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a descent of water over a steep surface; a waterfall, especially one of considerable size.
any furious rush or downpour of water; deluge.

an abnormality of the eye, characterized by opacity of the lens.
the opaque area.

Historical Examples

No other eye disease and no prevalent constitutional diseases or degeneracies in the cataractous stock.
Abstracts of Papers Read at the First International Eugenics Congress Various

a large waterfall or rapids
a deluge; downpour

partial or total opacity of the crystalline lens of the eye
the opaque area


early 15c., “a waterfall, floodgate,” from Latin cataracta “waterfall,” from Greek katarhaktes “waterfall, broken water; a kind of portcullis,” noun use of an adjective compound meaning “swooping, down-rushing,” from kata “down” (see cata-). The second element is traced either to arhattein “to strike hard” (in which case the compound is kat-arrhattein), or to rhattein “to dash, break.”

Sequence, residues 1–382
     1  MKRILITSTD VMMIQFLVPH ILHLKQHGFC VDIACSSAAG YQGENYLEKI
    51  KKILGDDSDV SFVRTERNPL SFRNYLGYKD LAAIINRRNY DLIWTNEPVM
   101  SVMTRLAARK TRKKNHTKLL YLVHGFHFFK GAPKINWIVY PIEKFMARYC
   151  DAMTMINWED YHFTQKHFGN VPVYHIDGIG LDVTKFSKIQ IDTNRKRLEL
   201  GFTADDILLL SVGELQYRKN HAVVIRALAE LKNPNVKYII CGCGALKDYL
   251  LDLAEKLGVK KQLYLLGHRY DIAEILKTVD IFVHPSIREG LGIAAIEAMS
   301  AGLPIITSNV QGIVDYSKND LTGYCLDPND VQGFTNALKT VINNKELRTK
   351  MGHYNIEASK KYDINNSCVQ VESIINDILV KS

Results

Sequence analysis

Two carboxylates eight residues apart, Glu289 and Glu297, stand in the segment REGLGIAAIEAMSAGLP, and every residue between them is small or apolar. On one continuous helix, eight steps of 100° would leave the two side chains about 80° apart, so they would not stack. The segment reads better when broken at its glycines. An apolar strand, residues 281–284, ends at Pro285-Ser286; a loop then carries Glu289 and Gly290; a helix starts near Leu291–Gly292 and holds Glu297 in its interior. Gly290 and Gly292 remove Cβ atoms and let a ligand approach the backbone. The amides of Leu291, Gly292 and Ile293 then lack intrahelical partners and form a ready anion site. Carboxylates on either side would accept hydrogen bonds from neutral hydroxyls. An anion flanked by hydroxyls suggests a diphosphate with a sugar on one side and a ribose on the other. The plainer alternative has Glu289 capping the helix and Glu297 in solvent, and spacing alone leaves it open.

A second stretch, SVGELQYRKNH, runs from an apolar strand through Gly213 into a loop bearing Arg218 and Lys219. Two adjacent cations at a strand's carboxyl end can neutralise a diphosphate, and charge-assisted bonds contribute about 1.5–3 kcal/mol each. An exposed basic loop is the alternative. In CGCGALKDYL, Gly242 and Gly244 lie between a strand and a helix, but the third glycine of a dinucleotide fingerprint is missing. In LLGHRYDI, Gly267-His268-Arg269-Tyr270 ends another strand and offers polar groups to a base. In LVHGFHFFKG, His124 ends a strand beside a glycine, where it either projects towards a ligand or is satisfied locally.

Its alternative sense in Latin of “portcullis” probably was passed through French to form the English meaning “eye disease” (early 15c.), on the notion of “obstruction” (to eyesight).

cataract cat·a·ract (kāt’ə-rākt’)
Opacity of the lens or capsule of the eye, causing impairment of vision or blindness.
cat’a·rac’tous (-rāk’təs) adj.

An opacity of the lens of the eye or the membrane that covers it, causing impairment of vision or blindness.

A waterfall in which a large volume of water flows over a steep precipice.

cataract [(kat-uh-rakt)]

A loss in the transparency of the lens of the eye, which reduces a person’s ability to see. The condition can be treated by surgically removing the lens and replacing it with an artificial one, or with corrective eyeglasses or contact lenses.


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